He learned the rocket was going to the moon by listening to Dad and the other scientists talk when they thought they were alone. And it was funny. Because even there, they spoke in low voices and didn't give too much away.
He had known now for three days that at four o'clock the roof would open and the drome would be turned into a blast-pit and the rocket would shoot out through space to the moon.
That was all he did know for sure. None of the men had said who was going on the first trip to the moon. Nothing had been said on that subject at all, but Bobby knew Dad would go. He would have to. After all, Dad was the second biggest scientist at Buffalo Flats. Second only to Schleimmer himself and Professor Schleimmer was very old and certainly wouldn't make the trip. That left Dad. Dad would just have to go in order to run the rocket. There probably wasn't anybody else smart enough in the whole place.
The idea of going himself had been born the previous day—when he found a larger grating in the floor near the rocket and realized if he was very careful he could climb out of the sewer and duck into the rocket when nobody was looking. Once inside he was pretty sure he'd find a place to hide until blast-off.
All the men would probably be strapped in bunks but if he found a place he could wedge himself in he didn't think he'd get hurt. Then, halfway to the moon he would come out and find Dad and would he be surprised!
At first, thinking about it, he'd been scared but after he realized how proud Dad and Mom would be, he made up his mind.
Now, crouched beside the grating near the ship, he waited while two men—technicians in white overalls—walked by.
One of them said, "Well, whatever happens, she'll make a big splash."
"You said it. Hope the brains know what they're doing."
That made Bobby mad. Who said Dad didn't know what he was doing? Dad was just about the smartest scientist in the world.
After the two men left he waited a long time. He heard voices but no one came in sight. Taking a deep breath, he opened the grating and got out. It was only four steps to the open port of the rocket. There was a little ramp they'd used to roll things in and Bobby's feet touched it but lightly as he jumped into the ship. He found himself in some kind of a storeroom. It would be a good place to hide all right. It was full of aluminum barrels all the same size. He found a space between two rows and sat down and got his breath back. It was very quiet around him. Scary quiet. But he set his lips firmly.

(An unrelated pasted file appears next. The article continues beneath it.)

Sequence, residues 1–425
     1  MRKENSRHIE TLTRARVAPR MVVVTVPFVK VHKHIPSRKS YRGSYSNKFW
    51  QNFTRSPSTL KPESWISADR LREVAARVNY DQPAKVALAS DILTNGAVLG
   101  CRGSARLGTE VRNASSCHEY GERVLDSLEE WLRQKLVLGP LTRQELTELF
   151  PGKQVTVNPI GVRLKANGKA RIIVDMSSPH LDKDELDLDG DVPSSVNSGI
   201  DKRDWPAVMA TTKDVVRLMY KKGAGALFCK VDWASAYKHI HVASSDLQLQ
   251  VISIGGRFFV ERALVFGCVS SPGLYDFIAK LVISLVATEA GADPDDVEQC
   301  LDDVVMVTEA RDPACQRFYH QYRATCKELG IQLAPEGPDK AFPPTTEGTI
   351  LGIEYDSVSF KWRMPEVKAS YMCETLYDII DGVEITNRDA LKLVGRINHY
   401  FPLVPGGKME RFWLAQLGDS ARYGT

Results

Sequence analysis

He was going to the moon with Dad.
* * * * *
John Kendall was a little late that night. He kissed his wife and said, "Well, did you see the big sky rocket?"
"How could I miss it, darling? Your supper is in the oven."
"I could use a Martini first."
"Coming right up."
While Myra fixed the drink John lay back in his easy chair and closed his eyes. "We'd hoped to stage a little ceremony at the launching but Washington said no."
"The Eastern Coalition. It was a race. That was why it had to be so secret. Washington said, light the fuse and fire the thing."
"Is it still hush-hush?"
"No. Not between us at least. We fired an explosion rocket at the moon. It will hit in about an hour and telescopes will show a big purple spot when our explosives go off and throw dye all over the place."
Myra handed him a dry Martini. "I see. Lots of fun no doubt but what's the purpose? Fourth of July on the moon?"
"Oh, no. If the experiment is a success the next rocket will carry men instead of a bomb."
Myra went to the kitchen to see about supper. John called, "Where's Bobby? In bed I suppose."
Myra didn't hear and John set his drink down and moved toward the bedroom. Maybe he was still awake.
Bobby rolled over. His eyes popped open. "Dad! I thought you went to—"
John Kendall sat down on the edge of the bed and tousled his son's hair. "No, son. It's the old terra firma for me. Did you see the rocket blast?"
"Uh-huh. It was really something. It went to the moon, didn't it?"
"That's right." Kendall smiled and thought. Try to keep a secret from the kids. It just can't be done. "How's your moon rocket coming along, son?"
"Pretty good. Gee, Dad! As long as you didn't go, I'm glad I didn't go either."
"You were planning to make the trip also?"
"Uh-huh. I got into the rocket and was all set but I got to thinking about Mom—how one of us should stay and take care of her in case anything happened."
"Smart thinking, son. Now you get to sleep. I'll have a little time tomorrow. We'll play some ball."
"That will be keen!"
John Kendall smiled as he left the bedroom. Kids were wonderful! Give them a few old boards and a steering wheel and they could build a ship to fly to the moon. What a wonderful dream world they lived in!
Too bad they had to grow out of it.
This etext was produced from Imagination April 1956. Extensive research did not uncover any evidence that the U.S. copyright on this publication was renewed. Minor spelling and typographical errors have been corrected without note.